On August 17, 2017, at 12:41:04 UTC, scientists made the first direct observation of a merger between two neutron stars--the dense, collapsed cores that remain...

Im Focus: Breaking: the first light from two neutron stars merging

Seven new papers describe the first-ever detection of light from a gravitational wave source. The event, caused by two neutron stars colliding and merging together, was dubbed GW170817 because it sent ripples through space-time that reached Earth on 2017 August 17. Around the world, hundreds of excited astronomers mobilized quickly and were able to observe the event using numerous telescopes, providing a wealth of new data.

Previous detections of gravitational waves have all involved the merger of two black holes, a feat that won the 2017 Nobel Prize in Physics earlier this month....

Im Focus: Smart sensors for efficient processes

Material defects in end products can quickly result in failures in many areas of industry, and have a massive impact on the safe use of their products. This is why, in the field of quality assurance, intelligent, nondestructive sensor systems play a key role. They allow testing components and parts in a rapid and cost-efficient manner without destroying the actual product or changing its surface. Experts from the Fraunhofer IZFP in Saarbrücken will be presenting two exhibits at the Blechexpo in Stuttgart from 7–10 November 2017 that allow fast, reliable, and automated characterization of materials and detection of defects (Hall 5, Booth 5306).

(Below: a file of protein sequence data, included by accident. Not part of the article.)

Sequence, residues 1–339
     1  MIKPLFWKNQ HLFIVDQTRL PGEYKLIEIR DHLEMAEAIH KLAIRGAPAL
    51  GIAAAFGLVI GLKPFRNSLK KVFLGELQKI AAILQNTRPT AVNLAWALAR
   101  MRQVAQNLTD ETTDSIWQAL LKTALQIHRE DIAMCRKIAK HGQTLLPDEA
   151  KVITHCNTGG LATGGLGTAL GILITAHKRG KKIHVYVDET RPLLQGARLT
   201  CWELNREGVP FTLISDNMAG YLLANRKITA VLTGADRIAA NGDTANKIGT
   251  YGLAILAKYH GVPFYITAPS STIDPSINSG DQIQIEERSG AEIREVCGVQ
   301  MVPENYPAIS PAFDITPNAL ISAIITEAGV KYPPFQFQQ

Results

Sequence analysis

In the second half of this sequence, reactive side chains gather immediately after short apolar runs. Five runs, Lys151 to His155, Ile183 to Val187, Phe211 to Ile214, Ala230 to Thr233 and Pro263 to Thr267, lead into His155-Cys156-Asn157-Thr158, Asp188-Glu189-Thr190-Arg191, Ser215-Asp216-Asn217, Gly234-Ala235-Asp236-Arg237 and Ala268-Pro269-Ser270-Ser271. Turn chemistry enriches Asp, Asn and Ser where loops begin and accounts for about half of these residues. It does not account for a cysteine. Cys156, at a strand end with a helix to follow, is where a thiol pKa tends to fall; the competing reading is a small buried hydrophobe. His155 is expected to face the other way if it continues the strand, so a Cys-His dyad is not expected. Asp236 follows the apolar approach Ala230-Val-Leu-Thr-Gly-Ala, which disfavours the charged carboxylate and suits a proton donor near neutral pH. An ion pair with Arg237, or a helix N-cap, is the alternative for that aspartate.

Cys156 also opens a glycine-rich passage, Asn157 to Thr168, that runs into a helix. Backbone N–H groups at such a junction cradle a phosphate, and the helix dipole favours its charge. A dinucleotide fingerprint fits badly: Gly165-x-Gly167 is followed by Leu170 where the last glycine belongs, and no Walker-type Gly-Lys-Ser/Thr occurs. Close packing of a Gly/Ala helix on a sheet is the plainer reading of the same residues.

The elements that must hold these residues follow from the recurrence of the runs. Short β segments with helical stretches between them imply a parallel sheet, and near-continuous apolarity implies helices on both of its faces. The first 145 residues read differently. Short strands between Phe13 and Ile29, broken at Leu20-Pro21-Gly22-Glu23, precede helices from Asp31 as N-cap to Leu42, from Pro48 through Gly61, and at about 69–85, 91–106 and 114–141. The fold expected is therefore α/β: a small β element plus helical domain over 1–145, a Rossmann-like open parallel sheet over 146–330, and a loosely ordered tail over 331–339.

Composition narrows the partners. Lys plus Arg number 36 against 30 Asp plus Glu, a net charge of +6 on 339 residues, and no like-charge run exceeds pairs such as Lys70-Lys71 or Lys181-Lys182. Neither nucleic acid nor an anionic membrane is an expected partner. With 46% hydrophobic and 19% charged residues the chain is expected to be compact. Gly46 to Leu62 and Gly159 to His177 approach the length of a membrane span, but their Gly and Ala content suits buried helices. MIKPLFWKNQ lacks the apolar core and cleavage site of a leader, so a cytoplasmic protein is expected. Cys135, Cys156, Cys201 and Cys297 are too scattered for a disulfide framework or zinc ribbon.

When quality testing uses time-consuming destructive test methods, it can result in enormous costs due to damaging or destroying the products. And given that...

Im Focus: Cold molecules on collision course

Using a new cooling technique MPQ scientists succeed at observing collisions in a dense beam of cold and slow dipolar molecules.

How do chemical reactions proceed at extremely low temperatures? The answer requires the investigation of molecular samples that are cold, dense, and slow at...

Im Focus: Shrinking the proton again!

Scientists from the Max Planck Institute of Quantum Optics, using high precision laser spectroscopy of atomic hydrogen, confirm the surprisingly small value of the proton radius determined from muonic hydrogen.

It was one of the breakthroughs of the year 2010: Laser spectroscopy of muonic hydrogen resulted in a value for the proton charge radius that was significantly...

All Focus news of the innovation-report >>>

Anzeige

Anzeige

Event News

ASEAN Member States discuss the future role of renewable energy

17.10.2017 | Event News

World Health Summit 2017: International experts set the course for the future of Global Health

10.10.2017 | Event News

Climate Engineering Conference 2017 Opens in Berlin

10.10.2017 | Event News

 
Latest News

Electrode materials from the microwave oven

19.10.2017 | Materials Sciences

New material for digital memories of the future

19.10.2017 | Materials Sciences

Physics boosts artificial intelligence methods

19.10.2017 | Physics and Astronomy

VideoLinks
B2B-VideoLinks
More VideoLinks >>>